Pottinger v Ebanks

JurisdictionCayman Islands
Judge(Summerfield, C.J.)
Judgment Date27 April 1983
Date27 April 1983
CourtGrand Court (Cayman Islands)
Grand Court

(Summerfield, C.J.)


R.D. Alberga, Q.C. and P. Boni for the plaintiff;

Miss R. Irving for the defendant.

Cases cited:

(1) Birkett v. Hayes, [1982] 1 W.L.R. 816; [1982] 2 All E.R. 710, not applied.

(2) Jefford v. Gee, [1970] 2 Q.B. 130; [1970] 1 All E.R. 1202, not applied.

Legislation construed:

Judicature Law (Revised) (Law 11 of 1975, revised 1976), s.62: The relevant terms of this section are set out at page 345, lines 21–39.

Tort-personal injuries-damages-interest-Judicature Law, s.62 only Cayman provision enabling award of interest on damages-restricted to interest on fixed sum awards and doubtful whether applicable to awards of general damages

The plaintiff brought an action against the defendant to recover damages for personal injuries caused by the defendant”s negligent driving.

The defendant was charged with and convicted of careless driving in connection with the incident allegedly causing the personal injuries. It was conceded that such a conviction was prima facie evidence of negligence and the court duly gave judgment for the plaintiff on the issue of liability and awarded damages of $23,476.

On the issue of damages, the plaintiff submitted that an award of interest should be made following the common law principles on the application of s.3 of the English Law Reform (Miscellaneous Provisions) Act 1934 as amended by s.22 of the U.K. Administration of Justice Act 1969 which had been applied on previous occasions. In relation to general damages, interest should be awarded from the date of the writ to the date of the trial at the average rate allowed over this period on money in court placed in a short-term investment account. Interest on special damages should be awarded from the date of the accident to the date of the trial at half the rate of interest allowed in respect of general damages. The defendant denied that the English rules could be applied because the only Cayman legislation governing an award of interest was s.62 of the Judicature Law, which referred only to fixed sum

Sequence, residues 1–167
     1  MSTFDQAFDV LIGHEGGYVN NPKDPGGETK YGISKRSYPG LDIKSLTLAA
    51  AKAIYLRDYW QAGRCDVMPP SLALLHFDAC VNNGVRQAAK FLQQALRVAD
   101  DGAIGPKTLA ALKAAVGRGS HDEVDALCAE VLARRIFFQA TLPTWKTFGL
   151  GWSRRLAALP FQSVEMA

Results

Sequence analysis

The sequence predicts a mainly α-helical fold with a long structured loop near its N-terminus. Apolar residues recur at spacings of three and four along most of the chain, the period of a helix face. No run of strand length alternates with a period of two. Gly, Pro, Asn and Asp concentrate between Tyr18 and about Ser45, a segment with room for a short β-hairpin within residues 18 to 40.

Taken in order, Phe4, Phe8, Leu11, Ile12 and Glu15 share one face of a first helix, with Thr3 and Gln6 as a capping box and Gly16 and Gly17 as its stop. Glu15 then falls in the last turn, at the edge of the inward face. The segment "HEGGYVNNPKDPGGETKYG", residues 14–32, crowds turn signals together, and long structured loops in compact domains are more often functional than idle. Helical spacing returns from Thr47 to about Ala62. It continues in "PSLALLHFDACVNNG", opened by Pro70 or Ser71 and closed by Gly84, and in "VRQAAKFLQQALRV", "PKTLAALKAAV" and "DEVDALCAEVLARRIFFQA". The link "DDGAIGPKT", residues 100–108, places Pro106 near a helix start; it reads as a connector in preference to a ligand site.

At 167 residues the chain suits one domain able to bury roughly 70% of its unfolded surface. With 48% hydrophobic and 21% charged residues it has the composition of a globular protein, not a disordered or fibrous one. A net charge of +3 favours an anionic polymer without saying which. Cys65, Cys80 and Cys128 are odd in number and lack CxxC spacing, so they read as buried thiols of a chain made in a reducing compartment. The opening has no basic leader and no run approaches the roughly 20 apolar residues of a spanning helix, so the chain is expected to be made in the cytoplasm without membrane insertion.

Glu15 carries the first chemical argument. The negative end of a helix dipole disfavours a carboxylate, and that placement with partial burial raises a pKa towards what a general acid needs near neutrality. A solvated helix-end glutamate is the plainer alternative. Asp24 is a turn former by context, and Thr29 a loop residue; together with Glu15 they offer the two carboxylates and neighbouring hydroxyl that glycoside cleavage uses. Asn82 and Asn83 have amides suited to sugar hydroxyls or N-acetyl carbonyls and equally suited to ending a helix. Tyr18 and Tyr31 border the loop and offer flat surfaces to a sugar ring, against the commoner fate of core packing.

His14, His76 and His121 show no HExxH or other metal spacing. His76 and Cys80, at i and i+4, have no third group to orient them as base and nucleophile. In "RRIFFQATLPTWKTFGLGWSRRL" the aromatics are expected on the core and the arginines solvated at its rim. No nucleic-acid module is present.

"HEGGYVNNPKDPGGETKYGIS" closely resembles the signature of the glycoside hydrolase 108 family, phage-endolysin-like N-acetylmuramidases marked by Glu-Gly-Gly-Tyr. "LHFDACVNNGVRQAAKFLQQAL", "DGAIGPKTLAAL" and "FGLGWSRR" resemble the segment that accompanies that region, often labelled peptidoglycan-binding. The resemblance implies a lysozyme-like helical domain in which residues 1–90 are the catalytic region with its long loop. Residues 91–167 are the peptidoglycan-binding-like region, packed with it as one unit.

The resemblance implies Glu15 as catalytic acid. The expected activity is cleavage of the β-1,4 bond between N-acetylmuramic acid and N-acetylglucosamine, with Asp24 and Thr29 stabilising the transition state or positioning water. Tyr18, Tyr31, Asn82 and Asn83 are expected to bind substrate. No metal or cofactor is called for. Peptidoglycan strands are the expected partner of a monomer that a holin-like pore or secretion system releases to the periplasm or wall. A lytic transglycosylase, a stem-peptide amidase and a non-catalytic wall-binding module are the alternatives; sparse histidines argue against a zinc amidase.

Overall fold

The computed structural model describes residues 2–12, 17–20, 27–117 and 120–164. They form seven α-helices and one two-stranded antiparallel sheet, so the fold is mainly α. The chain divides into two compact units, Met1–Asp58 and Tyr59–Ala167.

awards and which, by sub-s. (2), gave the court power to award additional compound interest where either the indebted party had no serious defence to the action or he was guilty of using delaying tactics in order to postpone payment.

Held, on the issue of damages:

The common law principles were inapplicable in the Cayman Islands as there was no provision in local legislation equivalent to that in the English legislation enabling the court to order interest on an award of general damages. The only provision in the Cayman Islands empowering an award of interest in civil suits was s.62 of the Judicature Law, which could not apply in the present case as there was no suggestion that either of the conditions contained in sub-s. (2) were satisfied, nor was it clear that the power to order interest extended to interest on awards of general damages (page 345, line 8 – page 346, line 5).

SUMMERFIELD, C.J.: In this running-down case the import-
ant issue of fact is whether the plaintiff was on the shoulder of the
road, as she claimed, or had stepped on to the asphalt road, as
claimed by the defendant, when she was struck by the defendant”s
30 Dodge car. On that issue I have no difficulty in finding for the
plaintiff. She made a far more favourable impression on me as a
witness of truth-than did the defendant. The defendant appeared
to become taut and excitable and, on occasions, evasive, when
pressed on this vital issue. Furthermore, as will be discussed later,
35 the plaintiffs version was consonant with the probabilities
whereas the defendant”s version appeared unlikely. Wherever
there is a conflict on a material matter, I prefer her evidence.
Walkers Road is a main arterial road between Hospital Road
and South Sound Road. At the relevant spot (where the plaintiff
40 was struck) it is 23 ft. 7 in. wide and on the left-hand-side (as one
faces South Sound Road: all bearings given will be on the same
basis, i.e. facing in this direction) is a 3 ft. 2 in. shoulder. The
road is asphalt and the shoulder is grass, operating as a sidewalk.
Where the asphalt and the shoulder meet, the asphalt is slightly
higher than the grass shoulder. The relevant spot was about 150
5 yds. from a

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